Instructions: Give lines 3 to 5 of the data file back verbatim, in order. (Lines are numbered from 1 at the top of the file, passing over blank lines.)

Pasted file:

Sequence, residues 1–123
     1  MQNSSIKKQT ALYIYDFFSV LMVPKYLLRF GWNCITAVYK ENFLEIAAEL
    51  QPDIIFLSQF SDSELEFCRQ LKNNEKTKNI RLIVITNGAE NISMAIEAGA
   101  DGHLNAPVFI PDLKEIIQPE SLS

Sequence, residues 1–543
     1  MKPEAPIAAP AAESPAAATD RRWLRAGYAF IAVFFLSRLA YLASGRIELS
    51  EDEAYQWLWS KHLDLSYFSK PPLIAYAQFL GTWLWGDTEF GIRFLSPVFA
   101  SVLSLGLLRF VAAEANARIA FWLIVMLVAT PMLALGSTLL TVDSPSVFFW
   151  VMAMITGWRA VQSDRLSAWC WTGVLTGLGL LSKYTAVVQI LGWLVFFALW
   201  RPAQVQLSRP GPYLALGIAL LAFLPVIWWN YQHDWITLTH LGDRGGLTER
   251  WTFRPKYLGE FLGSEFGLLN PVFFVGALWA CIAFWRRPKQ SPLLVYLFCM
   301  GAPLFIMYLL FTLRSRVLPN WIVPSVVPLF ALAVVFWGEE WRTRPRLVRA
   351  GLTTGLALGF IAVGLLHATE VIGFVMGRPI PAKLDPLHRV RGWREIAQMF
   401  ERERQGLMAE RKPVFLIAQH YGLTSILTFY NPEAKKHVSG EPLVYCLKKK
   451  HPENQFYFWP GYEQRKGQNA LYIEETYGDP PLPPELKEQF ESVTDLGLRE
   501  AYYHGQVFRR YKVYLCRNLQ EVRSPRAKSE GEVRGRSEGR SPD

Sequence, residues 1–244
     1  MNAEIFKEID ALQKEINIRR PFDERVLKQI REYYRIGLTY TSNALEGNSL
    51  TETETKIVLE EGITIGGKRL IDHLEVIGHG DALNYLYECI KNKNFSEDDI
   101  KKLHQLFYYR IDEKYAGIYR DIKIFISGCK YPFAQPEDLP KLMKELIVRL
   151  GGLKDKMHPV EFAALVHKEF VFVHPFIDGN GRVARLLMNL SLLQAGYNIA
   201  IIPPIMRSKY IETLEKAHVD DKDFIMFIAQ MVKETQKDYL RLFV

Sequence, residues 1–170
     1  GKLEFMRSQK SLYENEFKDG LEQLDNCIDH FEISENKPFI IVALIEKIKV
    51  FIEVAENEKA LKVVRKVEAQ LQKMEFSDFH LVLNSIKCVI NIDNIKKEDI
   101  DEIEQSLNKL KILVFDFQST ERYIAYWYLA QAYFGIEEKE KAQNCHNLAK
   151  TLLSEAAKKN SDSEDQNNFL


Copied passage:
    51  QPDIIFLSQF SDSELEFCRQ LKNNEKTKNI RLIVITNGAE NISMAIEAGA
   101  DGHLNAPVFI PDLKEIIQPE SLS

Sequence, residues 1–543